Sunderland and Durham spent £230,00 hosting the Olympic Torch

Micah Berger with the torch on Wearmouth Bridge.'Olympic Torch Relay2012, Sunderland, Saturday 16th June 2012.

Micah Berger with the torch on Wearmouth Bridge.'Olympic Torch Relay2012, Sunderland, Saturday 16th June 2012.

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OlYMPIC Torch celebrations in Sunderland and Durham cost taxpayers £231,416, it has been revealed.

Thousands lined the streets of Wearside and County Durham to watch the Olympic flame pass through on its way to the 2012 Games.

Sunderland spent £11,764 hosting the torch as it passed along the coast and through the city centre to a celebration event at Herrington Country Park.

Schools, community groups and sports teams in the city all hosted smaller events – including their own mock-up torch relays – as the city got into the Olympic spirit.

And councils have today defended the cost of celebrations after figures released on the first anniversary of the start of the relay show local authorities spent more than £6million hosting the torch.

On average, councils paid out just over £40,000 to host the flame, funding items such as security and street furniture, as well as road-closure notices and evening celebrations.

The Wearside celebrations came after Olympic organisers sparked outrage when Sunderland was missed off an initial list of towns and city’s hosting the torch – despite being the biggest city in the North East.

Sunderland City Council pressed organisers to ensure Wearside would still have a prominent place on the North East relay map.

Newcastle and Durham were chosen as over-night stop offs on the torch route.

Durham County Council spent £219,000 on hosting the torch, which included an evening celebration in Durham City with TV presenter Matt Baker, from Easington, lighting the ceremonial fire cauldron.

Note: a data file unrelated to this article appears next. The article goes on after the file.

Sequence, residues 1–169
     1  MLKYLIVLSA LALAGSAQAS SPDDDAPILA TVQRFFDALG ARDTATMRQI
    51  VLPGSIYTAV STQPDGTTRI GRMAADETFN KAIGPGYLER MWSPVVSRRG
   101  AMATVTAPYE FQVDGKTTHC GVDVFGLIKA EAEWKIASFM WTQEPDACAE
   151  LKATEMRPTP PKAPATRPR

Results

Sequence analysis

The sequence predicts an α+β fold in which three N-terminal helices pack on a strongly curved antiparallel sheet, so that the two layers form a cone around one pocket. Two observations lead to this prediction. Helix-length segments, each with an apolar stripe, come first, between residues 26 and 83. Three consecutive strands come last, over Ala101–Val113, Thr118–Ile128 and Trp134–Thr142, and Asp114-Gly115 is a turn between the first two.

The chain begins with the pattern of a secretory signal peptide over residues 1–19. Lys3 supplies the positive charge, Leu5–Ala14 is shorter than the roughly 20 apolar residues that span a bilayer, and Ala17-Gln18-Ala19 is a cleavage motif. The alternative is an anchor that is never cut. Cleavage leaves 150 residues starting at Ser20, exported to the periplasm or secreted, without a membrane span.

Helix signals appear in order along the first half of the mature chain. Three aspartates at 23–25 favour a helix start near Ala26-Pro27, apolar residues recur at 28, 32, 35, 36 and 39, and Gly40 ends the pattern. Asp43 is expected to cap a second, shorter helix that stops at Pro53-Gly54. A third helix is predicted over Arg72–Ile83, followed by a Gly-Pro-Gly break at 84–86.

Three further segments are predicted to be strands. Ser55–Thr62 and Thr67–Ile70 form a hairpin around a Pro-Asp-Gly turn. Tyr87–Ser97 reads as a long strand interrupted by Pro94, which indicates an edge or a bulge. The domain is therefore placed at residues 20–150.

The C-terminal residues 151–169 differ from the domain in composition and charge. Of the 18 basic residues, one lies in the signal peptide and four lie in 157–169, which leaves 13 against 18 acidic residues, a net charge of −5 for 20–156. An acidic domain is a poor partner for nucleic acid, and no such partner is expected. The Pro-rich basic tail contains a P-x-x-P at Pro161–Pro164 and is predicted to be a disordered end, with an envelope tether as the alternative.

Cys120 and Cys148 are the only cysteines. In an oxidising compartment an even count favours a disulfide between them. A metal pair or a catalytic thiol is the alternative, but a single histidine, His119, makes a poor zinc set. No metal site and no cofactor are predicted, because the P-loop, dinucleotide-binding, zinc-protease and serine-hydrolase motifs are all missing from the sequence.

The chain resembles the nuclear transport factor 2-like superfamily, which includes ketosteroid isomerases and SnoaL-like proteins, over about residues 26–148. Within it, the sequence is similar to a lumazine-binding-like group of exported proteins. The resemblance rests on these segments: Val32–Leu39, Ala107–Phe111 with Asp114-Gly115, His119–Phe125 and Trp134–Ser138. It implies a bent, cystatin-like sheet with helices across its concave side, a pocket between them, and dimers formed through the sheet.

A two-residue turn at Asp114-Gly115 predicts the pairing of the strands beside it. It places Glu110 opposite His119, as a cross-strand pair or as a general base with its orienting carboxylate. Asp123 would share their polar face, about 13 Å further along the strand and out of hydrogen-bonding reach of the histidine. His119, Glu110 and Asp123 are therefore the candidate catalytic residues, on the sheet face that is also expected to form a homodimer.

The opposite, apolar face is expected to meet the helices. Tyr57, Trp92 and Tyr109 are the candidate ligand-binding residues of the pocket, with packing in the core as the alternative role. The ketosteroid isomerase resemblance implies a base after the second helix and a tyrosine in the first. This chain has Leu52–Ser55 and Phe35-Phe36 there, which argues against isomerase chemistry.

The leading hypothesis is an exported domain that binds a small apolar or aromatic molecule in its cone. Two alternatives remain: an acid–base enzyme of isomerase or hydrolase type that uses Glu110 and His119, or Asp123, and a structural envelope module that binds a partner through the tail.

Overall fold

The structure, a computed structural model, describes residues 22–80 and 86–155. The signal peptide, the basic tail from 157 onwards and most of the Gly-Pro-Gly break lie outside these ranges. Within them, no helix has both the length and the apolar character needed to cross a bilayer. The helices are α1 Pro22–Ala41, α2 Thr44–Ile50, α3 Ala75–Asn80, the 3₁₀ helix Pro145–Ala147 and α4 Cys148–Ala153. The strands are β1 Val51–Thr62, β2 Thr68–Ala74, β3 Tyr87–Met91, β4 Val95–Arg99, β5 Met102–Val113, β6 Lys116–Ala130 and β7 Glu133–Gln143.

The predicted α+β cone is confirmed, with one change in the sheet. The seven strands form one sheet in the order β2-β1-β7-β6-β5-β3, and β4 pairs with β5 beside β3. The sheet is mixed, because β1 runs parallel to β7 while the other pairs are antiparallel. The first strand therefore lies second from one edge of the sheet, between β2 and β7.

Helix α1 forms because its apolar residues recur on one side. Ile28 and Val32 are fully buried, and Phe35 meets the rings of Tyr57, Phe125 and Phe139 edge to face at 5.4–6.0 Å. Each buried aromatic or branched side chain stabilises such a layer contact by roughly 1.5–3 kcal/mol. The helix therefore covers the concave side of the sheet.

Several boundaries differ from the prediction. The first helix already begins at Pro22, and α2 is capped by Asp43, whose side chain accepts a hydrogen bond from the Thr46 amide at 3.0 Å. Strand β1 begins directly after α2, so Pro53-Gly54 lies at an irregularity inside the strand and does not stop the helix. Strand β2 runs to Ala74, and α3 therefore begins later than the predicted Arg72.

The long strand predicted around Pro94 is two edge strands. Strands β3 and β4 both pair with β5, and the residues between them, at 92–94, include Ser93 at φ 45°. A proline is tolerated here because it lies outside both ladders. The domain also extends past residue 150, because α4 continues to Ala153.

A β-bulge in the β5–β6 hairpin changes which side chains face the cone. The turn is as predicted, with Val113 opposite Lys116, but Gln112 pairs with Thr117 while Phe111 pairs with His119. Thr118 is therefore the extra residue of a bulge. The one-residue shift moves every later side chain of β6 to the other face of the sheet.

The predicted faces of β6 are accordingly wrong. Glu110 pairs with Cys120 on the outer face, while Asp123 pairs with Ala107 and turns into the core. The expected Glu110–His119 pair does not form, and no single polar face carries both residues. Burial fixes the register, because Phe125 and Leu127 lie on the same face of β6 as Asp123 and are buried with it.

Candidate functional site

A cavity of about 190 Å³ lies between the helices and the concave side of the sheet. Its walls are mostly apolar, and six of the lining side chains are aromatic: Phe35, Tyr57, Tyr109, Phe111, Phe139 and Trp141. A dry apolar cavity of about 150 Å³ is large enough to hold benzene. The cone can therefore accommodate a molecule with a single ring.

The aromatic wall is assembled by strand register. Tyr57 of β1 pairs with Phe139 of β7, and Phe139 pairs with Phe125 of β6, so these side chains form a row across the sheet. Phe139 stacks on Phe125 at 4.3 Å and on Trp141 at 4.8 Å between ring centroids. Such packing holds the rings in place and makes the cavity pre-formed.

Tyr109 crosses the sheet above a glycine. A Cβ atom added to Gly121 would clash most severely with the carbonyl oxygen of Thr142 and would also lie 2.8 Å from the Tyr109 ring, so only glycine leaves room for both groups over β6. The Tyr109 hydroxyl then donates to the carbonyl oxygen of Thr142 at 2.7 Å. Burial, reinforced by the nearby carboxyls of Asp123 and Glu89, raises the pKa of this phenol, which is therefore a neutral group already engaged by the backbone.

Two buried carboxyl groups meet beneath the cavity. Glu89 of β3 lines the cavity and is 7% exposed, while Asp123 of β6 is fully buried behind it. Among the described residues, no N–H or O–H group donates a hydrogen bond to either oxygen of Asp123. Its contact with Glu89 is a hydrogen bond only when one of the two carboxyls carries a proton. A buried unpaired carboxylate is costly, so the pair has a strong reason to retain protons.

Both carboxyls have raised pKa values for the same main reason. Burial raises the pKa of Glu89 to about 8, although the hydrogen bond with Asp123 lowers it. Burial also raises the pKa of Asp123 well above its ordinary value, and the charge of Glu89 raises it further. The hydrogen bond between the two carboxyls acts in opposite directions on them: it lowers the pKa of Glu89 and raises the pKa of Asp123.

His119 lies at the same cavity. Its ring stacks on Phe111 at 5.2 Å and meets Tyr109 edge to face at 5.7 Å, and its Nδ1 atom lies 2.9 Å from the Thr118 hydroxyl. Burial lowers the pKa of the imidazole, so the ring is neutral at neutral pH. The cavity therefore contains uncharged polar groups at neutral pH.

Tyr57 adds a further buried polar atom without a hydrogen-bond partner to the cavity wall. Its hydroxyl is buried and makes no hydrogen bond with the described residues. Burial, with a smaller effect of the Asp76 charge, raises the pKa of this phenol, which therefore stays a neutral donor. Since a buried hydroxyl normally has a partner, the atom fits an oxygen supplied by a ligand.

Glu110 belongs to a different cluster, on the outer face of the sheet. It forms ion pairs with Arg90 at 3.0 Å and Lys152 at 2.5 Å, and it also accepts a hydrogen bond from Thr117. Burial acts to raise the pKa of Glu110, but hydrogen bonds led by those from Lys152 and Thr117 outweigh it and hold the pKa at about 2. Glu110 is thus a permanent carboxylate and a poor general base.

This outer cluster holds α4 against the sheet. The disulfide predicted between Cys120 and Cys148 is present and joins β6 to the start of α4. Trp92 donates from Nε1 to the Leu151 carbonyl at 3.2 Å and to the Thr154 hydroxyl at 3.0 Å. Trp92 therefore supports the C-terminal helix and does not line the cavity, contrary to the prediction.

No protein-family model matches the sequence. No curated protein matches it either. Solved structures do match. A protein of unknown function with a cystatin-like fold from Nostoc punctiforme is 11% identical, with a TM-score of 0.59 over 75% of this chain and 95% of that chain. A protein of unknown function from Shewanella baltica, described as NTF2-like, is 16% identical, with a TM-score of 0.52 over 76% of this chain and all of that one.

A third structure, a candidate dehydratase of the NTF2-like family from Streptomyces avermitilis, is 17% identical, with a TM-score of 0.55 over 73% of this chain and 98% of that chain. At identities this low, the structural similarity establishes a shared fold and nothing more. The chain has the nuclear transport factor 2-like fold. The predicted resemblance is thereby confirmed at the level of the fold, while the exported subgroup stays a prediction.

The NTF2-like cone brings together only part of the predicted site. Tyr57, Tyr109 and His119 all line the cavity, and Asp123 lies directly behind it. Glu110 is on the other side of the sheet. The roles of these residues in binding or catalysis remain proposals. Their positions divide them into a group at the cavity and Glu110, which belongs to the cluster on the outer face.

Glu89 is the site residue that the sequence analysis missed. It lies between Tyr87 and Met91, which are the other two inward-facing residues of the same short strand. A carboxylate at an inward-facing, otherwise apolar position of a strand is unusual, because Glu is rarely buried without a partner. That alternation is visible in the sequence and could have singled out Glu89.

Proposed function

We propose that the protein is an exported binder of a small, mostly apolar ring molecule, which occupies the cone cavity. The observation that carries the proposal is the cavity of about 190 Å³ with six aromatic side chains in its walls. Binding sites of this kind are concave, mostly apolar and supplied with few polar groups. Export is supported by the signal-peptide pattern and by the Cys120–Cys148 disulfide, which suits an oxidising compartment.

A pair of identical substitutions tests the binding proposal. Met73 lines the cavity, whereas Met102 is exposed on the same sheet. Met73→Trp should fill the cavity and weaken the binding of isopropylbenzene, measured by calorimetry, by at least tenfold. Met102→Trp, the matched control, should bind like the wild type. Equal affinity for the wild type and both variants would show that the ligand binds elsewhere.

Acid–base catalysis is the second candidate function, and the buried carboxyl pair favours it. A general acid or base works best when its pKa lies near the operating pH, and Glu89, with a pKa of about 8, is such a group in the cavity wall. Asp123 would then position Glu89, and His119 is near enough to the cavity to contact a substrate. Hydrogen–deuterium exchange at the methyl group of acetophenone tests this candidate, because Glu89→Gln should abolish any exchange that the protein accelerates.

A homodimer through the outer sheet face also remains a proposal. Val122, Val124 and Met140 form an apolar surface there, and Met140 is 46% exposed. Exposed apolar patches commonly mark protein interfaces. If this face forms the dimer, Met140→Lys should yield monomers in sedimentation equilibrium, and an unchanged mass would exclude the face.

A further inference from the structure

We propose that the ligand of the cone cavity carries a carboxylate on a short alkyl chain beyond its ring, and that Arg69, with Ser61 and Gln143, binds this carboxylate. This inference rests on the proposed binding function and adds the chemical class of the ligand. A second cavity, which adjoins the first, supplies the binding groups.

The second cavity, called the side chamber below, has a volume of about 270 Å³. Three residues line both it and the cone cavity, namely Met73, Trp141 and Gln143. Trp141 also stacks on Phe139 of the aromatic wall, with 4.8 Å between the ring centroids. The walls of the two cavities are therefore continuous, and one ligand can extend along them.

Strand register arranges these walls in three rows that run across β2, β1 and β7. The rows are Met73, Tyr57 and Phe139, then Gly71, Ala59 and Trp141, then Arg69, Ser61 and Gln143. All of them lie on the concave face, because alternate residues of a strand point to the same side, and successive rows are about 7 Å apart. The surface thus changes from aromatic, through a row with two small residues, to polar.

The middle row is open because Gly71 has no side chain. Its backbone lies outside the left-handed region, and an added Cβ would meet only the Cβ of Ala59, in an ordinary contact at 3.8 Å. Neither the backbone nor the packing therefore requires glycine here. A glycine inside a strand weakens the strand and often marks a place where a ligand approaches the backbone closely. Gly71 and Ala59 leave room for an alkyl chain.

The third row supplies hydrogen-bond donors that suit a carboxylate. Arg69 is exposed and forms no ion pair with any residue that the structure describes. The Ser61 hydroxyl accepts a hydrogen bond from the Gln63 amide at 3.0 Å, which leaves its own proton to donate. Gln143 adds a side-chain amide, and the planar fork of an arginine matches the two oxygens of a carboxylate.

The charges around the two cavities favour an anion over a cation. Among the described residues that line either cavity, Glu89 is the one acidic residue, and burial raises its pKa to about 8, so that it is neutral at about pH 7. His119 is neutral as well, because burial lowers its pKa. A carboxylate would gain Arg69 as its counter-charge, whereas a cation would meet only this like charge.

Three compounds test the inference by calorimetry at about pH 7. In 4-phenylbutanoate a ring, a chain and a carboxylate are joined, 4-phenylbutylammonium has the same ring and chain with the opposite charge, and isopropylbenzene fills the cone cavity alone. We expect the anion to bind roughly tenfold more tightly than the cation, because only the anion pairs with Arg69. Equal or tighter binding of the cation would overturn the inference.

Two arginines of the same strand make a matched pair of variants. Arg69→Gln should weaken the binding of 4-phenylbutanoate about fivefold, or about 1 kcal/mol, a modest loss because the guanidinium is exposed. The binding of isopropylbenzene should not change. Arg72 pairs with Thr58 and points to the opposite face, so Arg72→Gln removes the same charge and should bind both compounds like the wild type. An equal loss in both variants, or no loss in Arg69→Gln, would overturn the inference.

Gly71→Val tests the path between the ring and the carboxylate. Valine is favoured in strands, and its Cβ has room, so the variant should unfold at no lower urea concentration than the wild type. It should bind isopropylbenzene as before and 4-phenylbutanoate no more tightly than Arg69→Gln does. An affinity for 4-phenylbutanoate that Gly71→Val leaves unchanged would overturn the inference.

Durham cited its large area as the reason for the six-digit expenditure.

Terry Collins, corporate director for neighbourhood services, said: “Ours is a vast county and to fulfil Locog’s desire that every resident would be within a short drive of the torch, the money spent was necessary to ensure that everyone in County Durham could share in this once-in-a-lifetime experience.”

The flame arrived in Cornwall on May 18 from Athens on a flight which counted former England football captain David Beckham among its passengers.

But it was Olympic sailing hero Ben Ainslie - who would go on to win a record-breaking fourth gold medal later in the Games - who was the first to run with the torch, when he left Land’s End among much fanfare and international media coverage the following morning.

Flick Rea, chairman of the Local Government Association’s culture, tourism and sport board, said councils wanted to make the once-in-a-lifetime opportunity memorable.

She said: “The torch relay was a huge logistical challenge.

“Without council efforts in managing thousands of road closures, recruiting a small army of volunteer marshals, setting up safety barriers and managing crowds, cleaning up after the cavalcade and handling a vast range of other issues, it simply wouldn’t have happened.

“The cost to each council could be affected by many things. Few, if any, meaningful conclusions can be drawn by comparing expenditure on an issue with so many variables.”

The flame arrived in Cornwall on May 18 from Athens on a flight which counted former England football captain David Beckham among its passengers.

But it was Olympic sailing hero Ben Ainslie - who would go on to win a record-breaking fourth gold medal later in the Games - who was the first to run with the torch, when he left Land’s End among much fanfare and international media coverage the following morning.

Newcastle City Council spent £127,500, with its celebrations including a zipwire stunt involving celebrity adventurer Bear Grylls.

How much North East councils spent:

Durham 219,652

Gateshead 21,227

Hartlepool 14,848

North Tyneside 6,017

Newcastle 127,500

South Tyneside 11,513

Sunderland 11,764